2. Kusiak Appointed Visiting Research Professor at University of Hong Kong

Andrew Kusiak, professor and departmental executive officer of mechanical and industrial engineering, has been appointed visiting research professor at the University of Hong Kong.

Kusiak will be helping develop a research program in big data through a proposed Asian Institute of Open Innovation, research in the design of digital awareness devices, and big data research in health care.

The institute will serve as an incubator of innovation science leading to large commercial impact involving University of Hong Kong faculty, the local Hong Kong business community, and government agencies.

The research in digital awareness device design will involve smart human-centric devices such as wearable devices, smart home solutions, devices and systems supporting and enhancing the quality of life, solutions improving human and animal well being, virtual systems enhancing decision making, and systems enhancing safety.

The health care big data research will focus on classification of patients, diesease prognostics, disease diagnosis support, patient specific treatment recommendations, and alerts of adverse effects.

The University of Hong Kong (informally known as HKU or Hong Kong University) is a public research university located in Pokfulam, Hong Kong, founded in 1911 during the British Colonial era. It is the oldest tertiary institution in Hong Kong, originally established to compete with other countries that had opened higher learning institutions in China at the beginning of the twentieth century. Today, HKU is organized into 10 academic faculties, exhibiting strength in scholarly research and education of humanities, law, political sciences, and biomedicine.

3. UI Studies Impact of Marijuana on Driving

A new study conducted at the University of Iowa’s National Advanced Driving Simulator (NADS) has found drivers who use alcohol and marijuana together weave more on a virtual roadway than drivers who use either substance independently. However, the cocktail of alcohol and marijuana does not double the effect of the impairment.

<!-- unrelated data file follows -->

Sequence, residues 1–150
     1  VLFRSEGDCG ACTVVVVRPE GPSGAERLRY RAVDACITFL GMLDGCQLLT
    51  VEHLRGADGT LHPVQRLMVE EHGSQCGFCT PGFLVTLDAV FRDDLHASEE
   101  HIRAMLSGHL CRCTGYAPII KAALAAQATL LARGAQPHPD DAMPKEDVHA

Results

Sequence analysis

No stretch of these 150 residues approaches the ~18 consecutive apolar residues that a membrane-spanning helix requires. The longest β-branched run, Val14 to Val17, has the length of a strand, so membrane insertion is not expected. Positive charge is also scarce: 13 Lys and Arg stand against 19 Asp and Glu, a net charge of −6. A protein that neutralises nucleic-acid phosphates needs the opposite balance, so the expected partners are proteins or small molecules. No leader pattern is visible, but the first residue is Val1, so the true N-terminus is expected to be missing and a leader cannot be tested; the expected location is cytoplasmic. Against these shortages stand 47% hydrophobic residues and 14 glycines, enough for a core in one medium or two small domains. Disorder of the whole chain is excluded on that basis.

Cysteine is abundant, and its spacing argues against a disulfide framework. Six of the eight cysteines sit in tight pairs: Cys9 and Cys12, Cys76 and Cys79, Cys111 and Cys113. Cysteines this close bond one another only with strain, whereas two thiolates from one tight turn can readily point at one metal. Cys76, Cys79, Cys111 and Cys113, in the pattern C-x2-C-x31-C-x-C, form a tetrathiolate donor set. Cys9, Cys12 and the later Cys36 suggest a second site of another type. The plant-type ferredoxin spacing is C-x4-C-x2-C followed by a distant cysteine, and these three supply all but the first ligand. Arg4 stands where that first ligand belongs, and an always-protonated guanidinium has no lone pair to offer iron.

“What we saw was an additive effect, not a synergistic effect, when we put them together,” says Tim Brown, associate research scientist at NADS and corresponding author of the study. “You get what you expect if you take alcohol and cannabis and merge them together.”

The study, which was published June 23 in Drug and Alcohol Dependence, also found that participants who consumed only alcohol weaved more during a 35- to 45-minute simulated driving test than those who consumed only vaporized cannabis.

The results are part of a larger study—the first of its kind to analyze the effects of inhaled cannabis on driving performance—sponsored by the National Highway Traffic Safety Administration, National Institute of Drug Abuse, and the Office of National Drug Control Policy. The UI was selected for the research because of the NADS' authenticity to real driving and the university's expertise in medicine, pharmacy, and engineering. The NADS is the only simulator of its kind that is publicly owned.

The outcomes could help shape future legislation in the United States where some experts say policies on drugged driving are woefully behind.

To date, medical marijuana is legal in 23 states and the District of Columbia while marijuana has been approved for recreational use in four states and D.C. Since legalizing medical marijuana, Colorado has reported an increase in driving under the influence of cannabis cases and fatal motor vehicle crashes with cannabis-only positive drivers while states without legalized marijuana have experienced no significant change in cannabis-related crashes.

In 2014, the National Highway Traffic Safety Administration’s Roadside Survey of Alcohol and Drug Use by Drivers found the number of drivers with alcohol in their system had declined by nearly one-third since 2007. However, that same survey found the number of weekend nighttime drivers with evidence of drugs in their system climbed from 16.3 percent in 2007 to 20 percent in 2014. The number of drivers with marijuana in their system grew by nearly 50 percent.